A century ago, sportsmen supported limiting harvest and regulating hunting seasons so game species would recover and thrive. Sportsmen chose to tax themselves to supply a reliable stream of funding for conservation and game management. As a result other actions and contributions by sportsmen, regulated hunting has become an irreplaceable mechanism for conservation.

Brady concluded, “As sportsmen, we take great pride in our legacy of doing what needs to be done and adapting as the science of wildlife health continues to evolve. Lead is a proven threat to condors. History shows that politicizing wildlife conservation and taking it out of the hands of trained professionals can be just as harmful.”

The full position statement can be read here.

About the Boone and Crockett Club
Founded by Theodore Roosevelt in 1887, the Boone and Crockett Club is the oldest conservation organization in North America and helped to establish the principles of wildlife and habitat conservation, hunter ethics, as well as many of the institutions, expert agencies, science and funding mechanisms for conservation. Member accomplishments include enlarging and protecting Yellowstone and establishing Glacier and Denali national parks, founding the U.S. Forest Service, National Park Service and National Wildlife Refuge System, fostering the Pittman-Robertson and Lacey Acts, creating the Federal Duck Stamp program, and developing the cornerstones of modern game laws. The Boone and Crockett Club is headquartered in Missoula, Montana. For details, visit www.boone-crockett.org.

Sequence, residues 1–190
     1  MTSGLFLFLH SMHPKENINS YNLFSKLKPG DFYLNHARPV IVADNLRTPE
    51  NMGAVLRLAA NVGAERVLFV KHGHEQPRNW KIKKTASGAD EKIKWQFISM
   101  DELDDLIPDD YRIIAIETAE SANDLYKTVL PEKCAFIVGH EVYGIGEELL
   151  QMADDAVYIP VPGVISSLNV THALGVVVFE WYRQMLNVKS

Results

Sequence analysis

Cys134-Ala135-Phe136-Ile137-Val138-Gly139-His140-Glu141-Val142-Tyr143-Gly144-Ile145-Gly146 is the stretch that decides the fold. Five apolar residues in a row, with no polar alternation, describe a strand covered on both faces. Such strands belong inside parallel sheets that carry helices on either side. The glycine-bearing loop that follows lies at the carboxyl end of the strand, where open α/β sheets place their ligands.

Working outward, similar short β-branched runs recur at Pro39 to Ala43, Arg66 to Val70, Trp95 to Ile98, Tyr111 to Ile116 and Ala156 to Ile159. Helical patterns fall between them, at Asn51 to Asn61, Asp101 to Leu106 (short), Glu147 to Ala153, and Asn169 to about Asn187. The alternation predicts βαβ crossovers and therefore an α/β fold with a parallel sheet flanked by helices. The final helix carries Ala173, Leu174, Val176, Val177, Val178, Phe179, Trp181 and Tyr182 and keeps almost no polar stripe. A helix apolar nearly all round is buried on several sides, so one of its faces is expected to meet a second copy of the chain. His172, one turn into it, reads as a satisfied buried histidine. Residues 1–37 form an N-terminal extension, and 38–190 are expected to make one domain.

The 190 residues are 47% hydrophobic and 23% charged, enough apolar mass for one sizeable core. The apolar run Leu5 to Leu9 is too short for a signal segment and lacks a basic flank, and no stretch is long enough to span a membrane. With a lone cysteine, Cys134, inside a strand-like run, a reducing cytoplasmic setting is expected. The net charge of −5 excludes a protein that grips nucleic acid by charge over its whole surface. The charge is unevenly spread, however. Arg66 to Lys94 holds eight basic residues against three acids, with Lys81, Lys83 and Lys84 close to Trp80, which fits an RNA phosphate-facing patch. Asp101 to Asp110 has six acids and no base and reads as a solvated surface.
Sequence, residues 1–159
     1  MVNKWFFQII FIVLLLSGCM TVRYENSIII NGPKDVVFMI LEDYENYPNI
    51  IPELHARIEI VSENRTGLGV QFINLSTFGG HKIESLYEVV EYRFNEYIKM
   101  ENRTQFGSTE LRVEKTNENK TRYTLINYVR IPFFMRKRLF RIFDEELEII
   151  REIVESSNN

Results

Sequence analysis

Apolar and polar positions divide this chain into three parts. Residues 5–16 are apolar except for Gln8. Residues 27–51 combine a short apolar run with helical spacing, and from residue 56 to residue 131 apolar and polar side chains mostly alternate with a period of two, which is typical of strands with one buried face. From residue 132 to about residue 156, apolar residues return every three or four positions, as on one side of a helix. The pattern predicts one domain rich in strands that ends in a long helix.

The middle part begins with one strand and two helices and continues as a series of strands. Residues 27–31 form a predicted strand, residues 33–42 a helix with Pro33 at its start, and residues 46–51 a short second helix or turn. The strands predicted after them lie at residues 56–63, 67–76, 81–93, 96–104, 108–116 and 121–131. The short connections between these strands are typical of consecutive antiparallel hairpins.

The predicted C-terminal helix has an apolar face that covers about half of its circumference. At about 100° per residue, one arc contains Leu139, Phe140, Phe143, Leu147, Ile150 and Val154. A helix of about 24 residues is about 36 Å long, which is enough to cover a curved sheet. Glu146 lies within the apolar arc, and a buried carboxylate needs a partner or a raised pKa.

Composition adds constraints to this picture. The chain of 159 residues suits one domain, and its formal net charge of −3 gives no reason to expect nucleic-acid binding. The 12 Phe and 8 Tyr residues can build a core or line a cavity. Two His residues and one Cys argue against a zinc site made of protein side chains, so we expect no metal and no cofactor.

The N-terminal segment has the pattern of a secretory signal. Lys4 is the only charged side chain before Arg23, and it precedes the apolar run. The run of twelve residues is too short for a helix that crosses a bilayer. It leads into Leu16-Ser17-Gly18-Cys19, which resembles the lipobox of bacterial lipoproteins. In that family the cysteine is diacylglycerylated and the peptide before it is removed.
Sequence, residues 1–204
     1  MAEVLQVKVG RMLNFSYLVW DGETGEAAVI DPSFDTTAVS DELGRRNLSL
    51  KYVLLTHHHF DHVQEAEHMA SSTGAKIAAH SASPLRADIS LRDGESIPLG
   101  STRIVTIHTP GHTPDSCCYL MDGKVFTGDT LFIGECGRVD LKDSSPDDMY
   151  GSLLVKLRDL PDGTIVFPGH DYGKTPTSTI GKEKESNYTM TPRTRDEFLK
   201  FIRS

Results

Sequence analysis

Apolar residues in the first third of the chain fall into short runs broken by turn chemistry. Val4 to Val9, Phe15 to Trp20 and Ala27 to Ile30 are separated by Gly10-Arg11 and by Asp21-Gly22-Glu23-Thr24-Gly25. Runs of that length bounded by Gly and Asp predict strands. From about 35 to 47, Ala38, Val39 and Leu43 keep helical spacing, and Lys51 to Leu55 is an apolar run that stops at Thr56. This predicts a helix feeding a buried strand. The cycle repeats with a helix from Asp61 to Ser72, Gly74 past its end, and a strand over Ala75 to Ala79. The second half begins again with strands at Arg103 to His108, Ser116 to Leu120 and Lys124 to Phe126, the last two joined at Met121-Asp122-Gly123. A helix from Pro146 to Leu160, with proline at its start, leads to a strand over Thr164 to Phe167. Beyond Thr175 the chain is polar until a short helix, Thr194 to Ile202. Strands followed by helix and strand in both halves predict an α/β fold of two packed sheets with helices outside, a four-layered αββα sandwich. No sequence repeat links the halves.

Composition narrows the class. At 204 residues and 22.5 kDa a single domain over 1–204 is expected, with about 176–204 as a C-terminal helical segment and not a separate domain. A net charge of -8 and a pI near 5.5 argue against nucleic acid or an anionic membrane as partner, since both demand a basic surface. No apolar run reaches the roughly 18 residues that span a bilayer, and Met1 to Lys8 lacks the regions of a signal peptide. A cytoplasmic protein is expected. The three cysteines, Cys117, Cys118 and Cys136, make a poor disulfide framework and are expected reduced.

Charter Boat Hooks Giant Shark In S.F. Bay

The above video was posted on ABC7 (KGO) in San Francisco. The Golden State Sportfishing boat had quite an adventure when it reeled in (and quickly released) a giant great white shark near Alcatraz Island in San Francisco Bay.

But it’s probably worth your time to watch the chaotic six-minute, 54-second full video below.